I started Thanksgiving with good intentions.
I ignored my favorite Humboldt Fog cheese to nibble on carrots and celery sticks, and diluted my wine with diet club soda. I prepared four healthy vegetable sides to ward off the buttered sour cream mashed potatoes and cornbread sausage stuffing, and offered fresh fruit along with the full complement of apple cranberry pie, plum cake and chocolate covered figs. At dinner, I ate judiciously, taking only a bite here and a bite there, and sipping lots of water.
And, yet. Despite my best efforts, at 10 o’clock that night, while finishing the kitchen cleanup, I thought: Just one bite of the leftover pie won’t hurt. Which led to two, and then three bites. Followed by one of those luscious figs. And maybe a bit—well more than a bit—of plum cake as well.
The next day the scale and my glucose reader told the tale: Everything pointed up.
Holidays can be tricky for everyone. For those of us with diabetes who are trying to keep both weight and glucose in check, the temptations can be overwhelming.
By now you know the standard drill–drink more water, eat something healthy before going to a party, down a glass of seltzer for every goblet of wine. Fill up with veggies, protein or coffee. Talk to people rather than hanging out at the buffet table. Wear a close-fitting dress or belt to remind you that your primary mission isn’t to pack on the pounds.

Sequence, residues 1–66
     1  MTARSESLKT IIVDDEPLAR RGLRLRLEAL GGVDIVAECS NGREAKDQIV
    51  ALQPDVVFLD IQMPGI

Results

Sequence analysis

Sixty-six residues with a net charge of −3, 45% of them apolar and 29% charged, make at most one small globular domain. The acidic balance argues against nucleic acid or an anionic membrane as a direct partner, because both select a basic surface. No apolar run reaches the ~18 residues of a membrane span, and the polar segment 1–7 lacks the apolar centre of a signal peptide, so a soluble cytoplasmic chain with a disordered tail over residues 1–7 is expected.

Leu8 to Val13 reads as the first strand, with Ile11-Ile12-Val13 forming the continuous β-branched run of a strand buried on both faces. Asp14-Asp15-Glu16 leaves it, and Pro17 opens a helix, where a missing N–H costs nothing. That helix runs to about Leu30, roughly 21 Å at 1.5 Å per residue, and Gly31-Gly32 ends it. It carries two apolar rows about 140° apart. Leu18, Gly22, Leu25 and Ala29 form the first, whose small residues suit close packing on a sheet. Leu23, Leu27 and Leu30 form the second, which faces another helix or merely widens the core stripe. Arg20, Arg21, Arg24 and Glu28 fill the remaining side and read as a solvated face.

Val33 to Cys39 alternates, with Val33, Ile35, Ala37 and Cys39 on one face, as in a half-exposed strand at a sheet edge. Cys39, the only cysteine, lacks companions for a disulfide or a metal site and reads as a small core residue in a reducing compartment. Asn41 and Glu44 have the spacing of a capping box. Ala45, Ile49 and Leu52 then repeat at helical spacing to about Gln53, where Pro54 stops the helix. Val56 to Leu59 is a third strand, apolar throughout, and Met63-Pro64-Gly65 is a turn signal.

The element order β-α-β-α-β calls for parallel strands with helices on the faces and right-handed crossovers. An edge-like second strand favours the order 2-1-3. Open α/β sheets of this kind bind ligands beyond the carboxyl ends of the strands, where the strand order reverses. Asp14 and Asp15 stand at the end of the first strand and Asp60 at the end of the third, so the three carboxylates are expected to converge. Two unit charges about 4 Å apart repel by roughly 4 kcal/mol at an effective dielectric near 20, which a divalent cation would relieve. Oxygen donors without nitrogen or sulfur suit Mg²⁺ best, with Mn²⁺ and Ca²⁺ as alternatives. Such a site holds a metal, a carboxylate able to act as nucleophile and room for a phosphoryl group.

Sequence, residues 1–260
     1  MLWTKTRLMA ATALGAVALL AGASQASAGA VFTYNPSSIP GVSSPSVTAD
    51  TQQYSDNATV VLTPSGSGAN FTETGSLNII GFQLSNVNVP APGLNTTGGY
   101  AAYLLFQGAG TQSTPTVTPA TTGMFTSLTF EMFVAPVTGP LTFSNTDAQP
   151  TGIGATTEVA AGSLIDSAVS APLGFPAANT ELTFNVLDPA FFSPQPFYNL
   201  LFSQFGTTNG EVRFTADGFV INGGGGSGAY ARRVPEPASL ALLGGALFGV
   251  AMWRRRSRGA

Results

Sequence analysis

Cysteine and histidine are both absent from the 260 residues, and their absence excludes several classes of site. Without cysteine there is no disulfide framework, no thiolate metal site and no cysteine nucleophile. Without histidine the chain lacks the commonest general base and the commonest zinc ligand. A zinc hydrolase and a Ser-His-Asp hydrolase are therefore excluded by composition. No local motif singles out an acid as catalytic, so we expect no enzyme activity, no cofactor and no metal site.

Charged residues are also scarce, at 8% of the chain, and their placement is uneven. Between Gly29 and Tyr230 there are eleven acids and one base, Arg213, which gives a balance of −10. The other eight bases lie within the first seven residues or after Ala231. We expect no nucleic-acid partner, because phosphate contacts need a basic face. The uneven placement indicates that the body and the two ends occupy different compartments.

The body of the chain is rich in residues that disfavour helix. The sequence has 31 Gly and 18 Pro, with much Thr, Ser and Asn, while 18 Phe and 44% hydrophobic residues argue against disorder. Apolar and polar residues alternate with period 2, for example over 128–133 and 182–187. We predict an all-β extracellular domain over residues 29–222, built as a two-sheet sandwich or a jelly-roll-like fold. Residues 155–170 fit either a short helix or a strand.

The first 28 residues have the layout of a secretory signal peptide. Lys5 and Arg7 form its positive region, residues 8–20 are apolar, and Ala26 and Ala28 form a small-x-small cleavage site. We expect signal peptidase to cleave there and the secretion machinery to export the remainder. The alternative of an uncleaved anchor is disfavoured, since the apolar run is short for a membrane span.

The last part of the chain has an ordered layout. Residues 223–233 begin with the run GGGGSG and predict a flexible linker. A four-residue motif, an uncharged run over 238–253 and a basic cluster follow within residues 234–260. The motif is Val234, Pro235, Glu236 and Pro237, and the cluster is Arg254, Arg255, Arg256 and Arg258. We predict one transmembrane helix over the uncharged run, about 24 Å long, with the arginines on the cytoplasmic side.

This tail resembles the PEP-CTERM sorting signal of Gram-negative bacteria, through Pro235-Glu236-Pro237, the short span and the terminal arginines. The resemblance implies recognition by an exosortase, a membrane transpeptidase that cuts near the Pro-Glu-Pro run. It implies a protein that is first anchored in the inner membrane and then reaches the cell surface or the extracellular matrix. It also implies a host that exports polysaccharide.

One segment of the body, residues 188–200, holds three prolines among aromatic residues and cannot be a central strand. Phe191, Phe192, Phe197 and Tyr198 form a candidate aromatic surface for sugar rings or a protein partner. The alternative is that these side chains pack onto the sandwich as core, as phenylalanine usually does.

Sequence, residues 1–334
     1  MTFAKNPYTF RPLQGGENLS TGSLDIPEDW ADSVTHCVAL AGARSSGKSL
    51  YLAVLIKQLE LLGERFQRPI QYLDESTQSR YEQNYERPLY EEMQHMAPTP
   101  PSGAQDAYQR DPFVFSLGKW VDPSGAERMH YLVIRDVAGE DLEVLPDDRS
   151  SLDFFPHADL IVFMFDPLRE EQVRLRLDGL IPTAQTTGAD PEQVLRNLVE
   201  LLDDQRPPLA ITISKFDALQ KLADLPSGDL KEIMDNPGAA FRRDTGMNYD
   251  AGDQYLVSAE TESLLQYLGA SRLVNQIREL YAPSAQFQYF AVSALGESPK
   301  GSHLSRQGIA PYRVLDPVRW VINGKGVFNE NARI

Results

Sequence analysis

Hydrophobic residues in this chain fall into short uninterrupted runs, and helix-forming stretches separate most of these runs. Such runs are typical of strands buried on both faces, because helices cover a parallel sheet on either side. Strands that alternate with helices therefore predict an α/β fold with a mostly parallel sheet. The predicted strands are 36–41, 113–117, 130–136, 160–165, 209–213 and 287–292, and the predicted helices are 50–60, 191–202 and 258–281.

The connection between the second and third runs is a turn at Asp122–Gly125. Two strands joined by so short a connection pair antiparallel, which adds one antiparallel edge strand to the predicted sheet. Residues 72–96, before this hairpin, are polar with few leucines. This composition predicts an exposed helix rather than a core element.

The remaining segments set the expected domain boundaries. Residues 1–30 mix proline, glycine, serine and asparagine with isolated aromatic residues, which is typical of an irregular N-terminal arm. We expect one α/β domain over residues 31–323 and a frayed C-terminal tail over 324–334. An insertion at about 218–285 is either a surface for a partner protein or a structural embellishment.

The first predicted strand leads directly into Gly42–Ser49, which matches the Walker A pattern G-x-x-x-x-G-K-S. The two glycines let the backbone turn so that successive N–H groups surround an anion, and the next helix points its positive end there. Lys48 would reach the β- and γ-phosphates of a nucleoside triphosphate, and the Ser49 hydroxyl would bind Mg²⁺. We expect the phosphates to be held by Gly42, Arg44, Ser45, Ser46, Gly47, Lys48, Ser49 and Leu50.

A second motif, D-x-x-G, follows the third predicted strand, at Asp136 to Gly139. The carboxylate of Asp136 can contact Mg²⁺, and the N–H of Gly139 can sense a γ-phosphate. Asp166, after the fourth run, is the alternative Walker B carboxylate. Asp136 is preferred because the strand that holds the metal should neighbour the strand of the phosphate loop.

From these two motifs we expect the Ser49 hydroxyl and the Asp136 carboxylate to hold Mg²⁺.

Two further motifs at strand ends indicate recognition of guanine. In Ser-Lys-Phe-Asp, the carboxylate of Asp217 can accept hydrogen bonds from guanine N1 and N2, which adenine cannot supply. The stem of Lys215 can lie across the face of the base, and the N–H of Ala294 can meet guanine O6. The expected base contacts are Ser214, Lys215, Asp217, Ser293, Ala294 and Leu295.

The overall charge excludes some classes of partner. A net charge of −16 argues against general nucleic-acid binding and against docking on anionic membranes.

But then there is that pie. Or butter cookie. Or eggnog.
What’s a person to do?
Well, for one, here’s some welcome news. Despite media reports that claim the average holiday weight gains runs from 7 to 10 pounds, the New York Times reports that the average person gains only one. And if you’ve been taking good care of your blood sugars the rest of the year, a blip or two most likely doesn’t spell disaster.
Taking all of this into consideration, I have a not-so-radical plan for this year’s holidays: I’m giving myself a little leeway. Here are my goals: